Anka, I'm a little amused that you expressed concern about the religion in CCL and then recommended an even more conservative Catholic book: NFP The Complete Approach by John and Sheila Kippley. I do like to recommend that book because it's available by free (donation if possible) download from www.nfpandmore.org, has a lot more options for different rules to use than any of the other sympto-thermal method books, and can be learned without taking a class (though I would recommend taking a class if at all possible to increase effectiveness, and CCL does have more classes available). However, it is important for anyone considering using the Kippley's book to know that they are very conservative Catholics with very conservative views on gender roles. Take what you want. Leave what you want, but know that there is a lot of religion in that book.
Taking Charge of Your Fertility is a very simple method that is very easy to learn and quite effective. However, I feel that in some ways, it is oversimplified as far as choices for different rules goes.
Especially since you have PCOS, you might also look into the Creighton Model. It uses mucus-only (I do like taking my temperature as well to confirm ovulation), but it gives you a very clear idea of what is going on with your body based on your CM. While the sympto-thermal method relies on 3 phases (pre-ovulation infertility, fertility, post-ovulation infertility), the Creighton Model could give you a better idea about when you might be potentially fertile before ovulation, so your longer PCOS charts could more easily go back and forth between infertile and potentially fertile before ovulation. The sympto-thermal method has a way of doing this, but the Creighton model gives you a lot more information on how to do this. If you're doing to do Creighton, you absolutely have to take a class with a private instructor to get the effectiveness that they advertise, but you will come out with an immense amount of knowledge. The method is Catholic, but the teaching of the method does not involve teaching religion. Additionally, if you can find a physician who uses NaPro Technology, s/he will be able to read your charts and treat you based on the information there to give you better treatment.
JMJ, you're totally right! I'm Catholic, so I don't think I tuned into it when I was reading the book (although looking back at it it's hard to believe I forgot that part)... the CCL comment was based on personal interactions, so I probably remember it better. Sorry!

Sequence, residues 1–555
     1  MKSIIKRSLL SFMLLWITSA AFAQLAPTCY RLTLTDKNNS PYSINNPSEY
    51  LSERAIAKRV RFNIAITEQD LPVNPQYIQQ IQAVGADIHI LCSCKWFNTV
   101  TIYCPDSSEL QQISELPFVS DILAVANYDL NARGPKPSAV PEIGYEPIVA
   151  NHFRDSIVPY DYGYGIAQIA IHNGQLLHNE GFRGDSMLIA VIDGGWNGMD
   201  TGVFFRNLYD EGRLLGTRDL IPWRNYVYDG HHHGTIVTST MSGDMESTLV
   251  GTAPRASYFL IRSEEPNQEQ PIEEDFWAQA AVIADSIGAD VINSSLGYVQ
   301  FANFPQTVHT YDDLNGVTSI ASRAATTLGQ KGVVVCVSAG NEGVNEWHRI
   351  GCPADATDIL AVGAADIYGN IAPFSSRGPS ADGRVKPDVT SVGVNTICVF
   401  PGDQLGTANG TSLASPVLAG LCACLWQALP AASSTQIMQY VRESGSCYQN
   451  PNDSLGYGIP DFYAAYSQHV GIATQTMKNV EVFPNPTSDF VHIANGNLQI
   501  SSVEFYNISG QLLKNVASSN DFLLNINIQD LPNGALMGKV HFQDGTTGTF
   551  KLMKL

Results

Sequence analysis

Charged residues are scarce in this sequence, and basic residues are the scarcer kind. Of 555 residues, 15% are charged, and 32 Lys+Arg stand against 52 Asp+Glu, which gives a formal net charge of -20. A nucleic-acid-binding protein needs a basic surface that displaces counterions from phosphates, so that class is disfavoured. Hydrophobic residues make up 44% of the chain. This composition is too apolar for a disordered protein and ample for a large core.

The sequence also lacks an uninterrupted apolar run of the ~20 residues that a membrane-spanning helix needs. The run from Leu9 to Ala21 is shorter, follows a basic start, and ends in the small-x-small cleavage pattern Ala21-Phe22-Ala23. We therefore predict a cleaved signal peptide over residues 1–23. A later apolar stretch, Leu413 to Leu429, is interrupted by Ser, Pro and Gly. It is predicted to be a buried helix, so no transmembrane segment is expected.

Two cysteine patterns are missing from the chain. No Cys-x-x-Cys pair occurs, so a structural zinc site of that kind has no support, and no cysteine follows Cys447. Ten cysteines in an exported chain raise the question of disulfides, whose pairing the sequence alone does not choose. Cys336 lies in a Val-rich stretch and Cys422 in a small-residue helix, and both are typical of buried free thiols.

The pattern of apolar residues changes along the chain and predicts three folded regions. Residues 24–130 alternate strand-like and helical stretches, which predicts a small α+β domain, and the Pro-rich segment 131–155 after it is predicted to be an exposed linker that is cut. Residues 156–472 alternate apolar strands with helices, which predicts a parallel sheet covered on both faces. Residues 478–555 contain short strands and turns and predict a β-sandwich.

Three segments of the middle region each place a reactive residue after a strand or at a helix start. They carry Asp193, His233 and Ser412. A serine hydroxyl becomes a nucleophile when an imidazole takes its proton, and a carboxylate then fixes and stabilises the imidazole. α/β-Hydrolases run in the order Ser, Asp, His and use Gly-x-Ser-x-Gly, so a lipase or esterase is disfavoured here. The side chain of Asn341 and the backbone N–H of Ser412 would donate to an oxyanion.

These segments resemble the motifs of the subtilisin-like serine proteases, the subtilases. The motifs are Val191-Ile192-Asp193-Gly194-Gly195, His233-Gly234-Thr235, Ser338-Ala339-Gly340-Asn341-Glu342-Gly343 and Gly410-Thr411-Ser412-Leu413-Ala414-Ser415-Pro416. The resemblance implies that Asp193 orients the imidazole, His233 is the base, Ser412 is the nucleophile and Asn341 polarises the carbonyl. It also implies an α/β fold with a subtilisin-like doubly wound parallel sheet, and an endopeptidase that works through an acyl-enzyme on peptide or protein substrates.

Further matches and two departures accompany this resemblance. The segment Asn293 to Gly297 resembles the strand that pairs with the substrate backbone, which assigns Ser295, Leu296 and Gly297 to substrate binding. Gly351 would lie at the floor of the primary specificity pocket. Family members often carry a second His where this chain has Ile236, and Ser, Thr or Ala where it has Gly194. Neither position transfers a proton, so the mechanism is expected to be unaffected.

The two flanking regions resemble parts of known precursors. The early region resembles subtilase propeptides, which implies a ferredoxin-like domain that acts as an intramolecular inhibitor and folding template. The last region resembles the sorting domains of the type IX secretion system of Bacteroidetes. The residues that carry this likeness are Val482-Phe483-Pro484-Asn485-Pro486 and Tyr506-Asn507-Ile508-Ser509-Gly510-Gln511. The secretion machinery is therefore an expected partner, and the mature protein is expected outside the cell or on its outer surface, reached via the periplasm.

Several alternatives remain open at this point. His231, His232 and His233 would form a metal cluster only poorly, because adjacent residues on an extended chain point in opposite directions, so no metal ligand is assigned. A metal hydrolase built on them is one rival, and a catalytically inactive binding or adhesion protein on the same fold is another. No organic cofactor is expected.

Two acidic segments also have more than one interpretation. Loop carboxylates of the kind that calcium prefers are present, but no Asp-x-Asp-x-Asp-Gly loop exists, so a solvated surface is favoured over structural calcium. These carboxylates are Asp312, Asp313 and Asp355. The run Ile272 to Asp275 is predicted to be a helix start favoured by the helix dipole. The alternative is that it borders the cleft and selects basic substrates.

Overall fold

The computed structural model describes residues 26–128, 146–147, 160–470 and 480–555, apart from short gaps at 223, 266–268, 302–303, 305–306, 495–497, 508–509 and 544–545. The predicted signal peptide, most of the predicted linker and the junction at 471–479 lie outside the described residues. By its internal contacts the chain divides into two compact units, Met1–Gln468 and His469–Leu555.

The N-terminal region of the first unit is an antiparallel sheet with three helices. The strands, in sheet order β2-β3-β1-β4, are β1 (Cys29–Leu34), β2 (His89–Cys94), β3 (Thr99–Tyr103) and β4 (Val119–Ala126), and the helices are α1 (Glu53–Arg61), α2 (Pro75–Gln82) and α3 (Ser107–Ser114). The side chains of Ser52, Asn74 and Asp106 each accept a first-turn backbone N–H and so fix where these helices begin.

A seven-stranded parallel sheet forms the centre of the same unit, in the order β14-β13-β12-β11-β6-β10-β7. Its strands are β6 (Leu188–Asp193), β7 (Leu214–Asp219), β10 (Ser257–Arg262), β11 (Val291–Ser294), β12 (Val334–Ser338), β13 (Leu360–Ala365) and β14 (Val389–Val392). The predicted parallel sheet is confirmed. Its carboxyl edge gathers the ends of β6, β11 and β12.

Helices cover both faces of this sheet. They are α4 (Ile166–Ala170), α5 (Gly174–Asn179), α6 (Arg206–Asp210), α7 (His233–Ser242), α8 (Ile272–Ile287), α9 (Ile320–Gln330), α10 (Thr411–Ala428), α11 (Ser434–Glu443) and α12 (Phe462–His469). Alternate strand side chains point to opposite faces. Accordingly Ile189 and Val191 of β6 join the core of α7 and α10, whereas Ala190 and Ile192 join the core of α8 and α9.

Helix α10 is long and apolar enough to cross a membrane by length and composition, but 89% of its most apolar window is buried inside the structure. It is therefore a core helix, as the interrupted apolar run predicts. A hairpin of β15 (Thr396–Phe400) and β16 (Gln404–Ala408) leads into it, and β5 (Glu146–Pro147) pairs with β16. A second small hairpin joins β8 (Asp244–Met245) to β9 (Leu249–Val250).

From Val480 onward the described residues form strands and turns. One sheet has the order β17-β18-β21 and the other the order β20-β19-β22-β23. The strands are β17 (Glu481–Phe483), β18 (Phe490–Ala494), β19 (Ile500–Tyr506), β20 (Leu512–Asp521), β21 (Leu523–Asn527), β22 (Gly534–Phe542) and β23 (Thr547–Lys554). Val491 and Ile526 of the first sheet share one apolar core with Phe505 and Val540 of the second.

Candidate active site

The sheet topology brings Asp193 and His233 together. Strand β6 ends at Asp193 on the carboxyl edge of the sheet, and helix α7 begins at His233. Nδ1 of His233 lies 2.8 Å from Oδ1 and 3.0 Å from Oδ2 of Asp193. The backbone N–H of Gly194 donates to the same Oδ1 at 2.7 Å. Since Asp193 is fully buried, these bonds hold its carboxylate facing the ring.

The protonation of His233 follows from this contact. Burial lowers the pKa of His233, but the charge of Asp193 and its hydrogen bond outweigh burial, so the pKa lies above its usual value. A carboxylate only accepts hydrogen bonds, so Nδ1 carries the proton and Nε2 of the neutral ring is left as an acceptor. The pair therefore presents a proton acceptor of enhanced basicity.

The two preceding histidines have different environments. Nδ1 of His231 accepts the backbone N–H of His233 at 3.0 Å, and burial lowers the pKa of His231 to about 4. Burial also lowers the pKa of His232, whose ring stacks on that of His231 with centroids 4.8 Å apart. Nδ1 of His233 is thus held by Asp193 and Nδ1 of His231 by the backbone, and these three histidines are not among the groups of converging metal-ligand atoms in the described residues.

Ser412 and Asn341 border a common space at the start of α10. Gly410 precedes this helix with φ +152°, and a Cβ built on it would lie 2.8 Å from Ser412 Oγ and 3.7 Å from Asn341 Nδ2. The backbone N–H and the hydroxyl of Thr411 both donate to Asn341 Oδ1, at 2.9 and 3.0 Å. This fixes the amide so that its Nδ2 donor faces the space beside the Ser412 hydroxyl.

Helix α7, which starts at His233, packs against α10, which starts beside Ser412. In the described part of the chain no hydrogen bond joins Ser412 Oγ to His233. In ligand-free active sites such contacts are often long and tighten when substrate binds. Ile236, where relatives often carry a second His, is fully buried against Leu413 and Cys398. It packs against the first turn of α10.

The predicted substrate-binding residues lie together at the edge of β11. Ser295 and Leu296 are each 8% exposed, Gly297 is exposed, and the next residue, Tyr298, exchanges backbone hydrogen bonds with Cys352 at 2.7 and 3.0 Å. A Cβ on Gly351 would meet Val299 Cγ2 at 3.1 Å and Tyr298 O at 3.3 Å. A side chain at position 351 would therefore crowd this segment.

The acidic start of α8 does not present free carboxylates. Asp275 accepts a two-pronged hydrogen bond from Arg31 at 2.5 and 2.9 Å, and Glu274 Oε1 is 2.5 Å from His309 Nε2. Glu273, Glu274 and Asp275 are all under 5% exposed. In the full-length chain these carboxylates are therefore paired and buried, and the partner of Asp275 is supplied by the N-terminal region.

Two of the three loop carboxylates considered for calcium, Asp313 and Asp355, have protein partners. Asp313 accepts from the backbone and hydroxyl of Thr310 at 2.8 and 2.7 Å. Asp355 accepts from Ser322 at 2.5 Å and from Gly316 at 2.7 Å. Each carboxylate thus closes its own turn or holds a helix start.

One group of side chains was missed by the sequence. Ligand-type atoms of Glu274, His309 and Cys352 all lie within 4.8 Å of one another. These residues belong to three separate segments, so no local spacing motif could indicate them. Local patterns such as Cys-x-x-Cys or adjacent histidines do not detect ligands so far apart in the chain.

wife to DH, mom to 7/4/2011 and 11/6/13.
I have read John and Sheila Kipley's book, the new CCL book and Taking Charge of your fertility and all were really helpful in my learning. For religious content, John and Sheila Kipley's book definitely had a lot of that content but lots of good information as well. I found with the new CCL book, the amount of religious content was quite minimal by comparison and would not be that dificult to ignore if you are not Catholic. I liked Taking Charge of Your Fertility a lot as well. I read that when I was younger and again after the birth of my last son.
I really liked the CCL book the best I think as I found it the easiest to read and understand. I really like how it presented the content.
Currently I do a mix of the symptho-thermal method presented and the Marquette method which uses the clear blue fertility monitor. I have found the monitor to be right on for me every cycles. Then seeing my temperature rise a couple of days later, really helps me to feel more confident in what the monitor is telling me. My other signs generally correlate as well so it is nice to build the whole picture and enjoy it.
Mom to three great boys Michael (Sept/01), Carter (Nov/05) and Reid (March/10).
I am new here and just returned from a long time away - saw you were from TX and wondered what came of your nfpsearch // we used Kippleys' materials, too - they are the only ones who completely cover breastfeeding - we used their materials for over 20 years and we were very satisfied ( also in TX - YAY)